When I compare the condition of my heart 10 years ago to now, I marvel at the faithfulness of the Great Physician. It’s not that I’m the ultimate picture of spiritual connectedness with the Father. Far from it. I still have arteries that need some cleaning. But my heart is strong. Jesus has free access to my heart, and the resources He brings flow sweetly to my soul. I am walking with a strength that I lacked for years, and I am moving toward my God-intended destination with Spirit-fueled stamina.

How’s your heart doing? Are your life-giving pathways clear, or is there a clog in the flow to your soul? If you pay attention to the condition of your heart and catch unhealthy blockages early enough, a change of lifestyle and an intake of Holy Spirit medicine can stave off and even reverse dangerous constriction. But if the problem is ignored, your health neglected, and Doctor checkups skipped, the results can be fatal. If the obstructions are serious enough, the only option is submission to major surgical intervention. New paths must be opened up through which life can flow. Sometimes a ‘hard reset’ is the only way to abundant life.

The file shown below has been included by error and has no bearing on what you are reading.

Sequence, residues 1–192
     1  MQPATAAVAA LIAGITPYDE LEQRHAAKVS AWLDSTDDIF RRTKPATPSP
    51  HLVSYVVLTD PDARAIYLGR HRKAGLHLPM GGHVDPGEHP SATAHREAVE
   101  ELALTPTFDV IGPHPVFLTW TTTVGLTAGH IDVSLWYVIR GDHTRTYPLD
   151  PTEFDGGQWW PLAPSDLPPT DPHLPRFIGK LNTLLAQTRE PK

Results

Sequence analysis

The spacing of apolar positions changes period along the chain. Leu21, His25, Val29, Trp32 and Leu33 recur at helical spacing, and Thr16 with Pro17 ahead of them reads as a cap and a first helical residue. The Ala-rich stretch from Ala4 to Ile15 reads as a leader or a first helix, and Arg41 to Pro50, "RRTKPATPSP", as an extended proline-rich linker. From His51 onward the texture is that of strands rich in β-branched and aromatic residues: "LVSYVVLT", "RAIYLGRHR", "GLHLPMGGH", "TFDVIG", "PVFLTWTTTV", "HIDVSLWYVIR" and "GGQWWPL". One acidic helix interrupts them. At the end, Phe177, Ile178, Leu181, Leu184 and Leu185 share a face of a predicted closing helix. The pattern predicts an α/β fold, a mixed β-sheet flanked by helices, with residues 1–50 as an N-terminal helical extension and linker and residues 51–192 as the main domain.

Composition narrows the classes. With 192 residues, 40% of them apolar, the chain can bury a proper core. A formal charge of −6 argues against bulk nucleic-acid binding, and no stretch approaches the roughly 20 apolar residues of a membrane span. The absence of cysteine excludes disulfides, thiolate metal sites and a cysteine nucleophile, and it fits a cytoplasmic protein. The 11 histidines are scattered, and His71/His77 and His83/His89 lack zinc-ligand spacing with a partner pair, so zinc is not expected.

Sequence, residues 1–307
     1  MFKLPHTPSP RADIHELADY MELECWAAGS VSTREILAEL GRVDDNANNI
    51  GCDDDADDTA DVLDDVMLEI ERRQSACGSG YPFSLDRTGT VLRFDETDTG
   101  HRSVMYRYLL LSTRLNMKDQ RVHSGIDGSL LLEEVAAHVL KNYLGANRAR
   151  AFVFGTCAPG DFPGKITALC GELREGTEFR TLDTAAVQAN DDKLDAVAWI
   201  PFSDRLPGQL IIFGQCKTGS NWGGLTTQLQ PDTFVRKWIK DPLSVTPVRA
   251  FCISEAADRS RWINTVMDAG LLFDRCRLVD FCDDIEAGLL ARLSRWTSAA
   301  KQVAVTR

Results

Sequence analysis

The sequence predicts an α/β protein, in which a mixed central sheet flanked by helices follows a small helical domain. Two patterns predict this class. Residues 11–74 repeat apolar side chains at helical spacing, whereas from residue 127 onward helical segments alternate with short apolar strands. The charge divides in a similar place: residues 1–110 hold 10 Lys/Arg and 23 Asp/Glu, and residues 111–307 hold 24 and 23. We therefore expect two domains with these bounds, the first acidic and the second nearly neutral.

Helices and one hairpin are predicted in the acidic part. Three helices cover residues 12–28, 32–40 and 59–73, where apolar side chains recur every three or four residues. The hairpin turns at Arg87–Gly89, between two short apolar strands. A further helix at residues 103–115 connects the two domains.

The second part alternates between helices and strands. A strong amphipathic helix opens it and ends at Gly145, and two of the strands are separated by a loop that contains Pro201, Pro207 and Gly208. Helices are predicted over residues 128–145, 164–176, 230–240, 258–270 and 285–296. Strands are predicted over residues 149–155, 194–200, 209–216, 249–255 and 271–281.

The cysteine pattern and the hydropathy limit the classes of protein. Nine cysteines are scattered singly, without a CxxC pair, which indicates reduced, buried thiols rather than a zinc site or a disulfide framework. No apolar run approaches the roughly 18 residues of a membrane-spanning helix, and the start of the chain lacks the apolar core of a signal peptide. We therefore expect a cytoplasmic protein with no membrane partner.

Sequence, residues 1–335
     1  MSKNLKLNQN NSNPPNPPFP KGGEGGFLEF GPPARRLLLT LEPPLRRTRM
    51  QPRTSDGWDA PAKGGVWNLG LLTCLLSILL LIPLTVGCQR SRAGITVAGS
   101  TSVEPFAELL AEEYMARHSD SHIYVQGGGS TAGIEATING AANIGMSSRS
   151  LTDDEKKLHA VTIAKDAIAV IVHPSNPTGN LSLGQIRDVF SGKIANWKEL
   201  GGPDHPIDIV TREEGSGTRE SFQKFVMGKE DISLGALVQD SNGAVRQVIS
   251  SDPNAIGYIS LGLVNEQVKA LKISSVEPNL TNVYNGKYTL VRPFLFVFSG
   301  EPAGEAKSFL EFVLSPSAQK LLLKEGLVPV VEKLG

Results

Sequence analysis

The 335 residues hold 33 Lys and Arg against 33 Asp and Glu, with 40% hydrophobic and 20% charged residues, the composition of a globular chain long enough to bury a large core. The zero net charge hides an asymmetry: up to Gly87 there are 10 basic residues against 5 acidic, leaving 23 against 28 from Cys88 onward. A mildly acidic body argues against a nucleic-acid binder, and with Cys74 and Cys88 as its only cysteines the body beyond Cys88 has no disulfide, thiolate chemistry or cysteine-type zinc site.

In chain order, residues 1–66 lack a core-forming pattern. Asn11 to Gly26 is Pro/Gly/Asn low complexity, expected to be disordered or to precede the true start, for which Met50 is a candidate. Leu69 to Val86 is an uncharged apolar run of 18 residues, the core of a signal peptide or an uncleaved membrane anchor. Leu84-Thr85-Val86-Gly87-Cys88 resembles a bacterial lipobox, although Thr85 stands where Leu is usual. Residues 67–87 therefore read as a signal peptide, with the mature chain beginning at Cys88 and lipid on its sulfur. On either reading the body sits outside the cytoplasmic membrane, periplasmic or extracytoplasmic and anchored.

At the end of dad’s triple bypass operation, the surgical team ‘shocked’ my father’s heart back into motion. It had been strained by the steadily diminishing supply of resources that had led to the operating room. It had suffered serious trauma from the assault of surgery. But the operation was a success. Tenuously, weakly, but steadily, dad’s cardiac organ began to find its rhythm. My dad and his heart now face a significant period of recovery. It will not be quick. It will not be painless. But it will be worth it. The pain of surgery will dissolve into a new level of strength. Increased flow of nutrients and oxygen to his heart through newly ‘installed’ channels will result in an increase in his physical capability. My father can approach the challenges of life with a heightened level of confidence.

My dad’s bright new outlook was made possible by his submission to the invasion of his heart by someone he could trust.

So was mine.

Proverbs 4:23; Proverbs 23:26; Psalm 34:18; Psalm 73:26